BARACS, KÁROLY (1868–1929), Hungarian communal leader and bibliophile. Baracs, the maternal grandson of Immanuel *Loew, was born in Budapest, where he studied engineering. On the completion of his studies he entered the service of a railway company, eventually becoming manager, and was regarded as an outstanding expert on public transport in the country.
Baracs had broad humanistic interests and his home served as a center for intellectuals and men of the spirit. Before World War i he was one of the founders of the Radical Party in Hungary and an intimate of Count Michael Karolyi, who headed the republican revolution of 1918 and became the first president of the Republic. After World War i he began to interest himself in Jewish communal affairs, serving as president of the Buda Community Synagogue, the oldest in the capital, from 1921 to 1926. He was responsible for the establishment of the Pro Palesztina Szovetsség (the Pro-Palestine Association), the purpose of which was, according to his definition, "to atone for the dissociation of contemporary [Hungarian] Jews from the work of upbuilding the Land of Israel." Through his advocacy, his congregation, unlike others in Budapest, contributed to the Jewish national funds. He engaged in other pro-Zionist activity, although there was no official government sanction for this at the time.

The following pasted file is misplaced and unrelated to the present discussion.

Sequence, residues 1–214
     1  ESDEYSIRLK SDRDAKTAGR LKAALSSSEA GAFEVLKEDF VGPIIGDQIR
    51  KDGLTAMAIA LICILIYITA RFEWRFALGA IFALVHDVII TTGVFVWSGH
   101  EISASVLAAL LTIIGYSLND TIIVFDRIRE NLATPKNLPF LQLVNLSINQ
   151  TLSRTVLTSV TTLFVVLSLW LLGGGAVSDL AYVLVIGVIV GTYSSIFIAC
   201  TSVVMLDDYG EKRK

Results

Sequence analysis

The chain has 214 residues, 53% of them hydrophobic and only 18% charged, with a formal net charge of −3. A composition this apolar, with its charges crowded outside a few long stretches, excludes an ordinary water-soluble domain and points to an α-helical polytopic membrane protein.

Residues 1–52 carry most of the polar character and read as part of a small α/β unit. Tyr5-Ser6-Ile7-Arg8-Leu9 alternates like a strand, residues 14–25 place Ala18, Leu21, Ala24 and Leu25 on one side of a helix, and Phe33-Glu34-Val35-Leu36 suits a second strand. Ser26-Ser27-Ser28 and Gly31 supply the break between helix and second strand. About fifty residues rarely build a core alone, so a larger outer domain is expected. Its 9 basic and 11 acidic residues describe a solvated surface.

Baracs was also active in other spheres of communal life, particularly higher education, and was a member of the directorate of the Budapest Rabbinical Seminary. He was a noted bibliophile, particularly of the works of Goethe.
P. Vidor, "Löw Immanuel es a budai közseg," in: Semitic Studies in Memory of Immanuel Löw (Budapest, 1947), 15–18; Magyar Zsidó Lexicon (1929), 85; Magyar Eletrajzi Lexikon. 1 (1967), 110.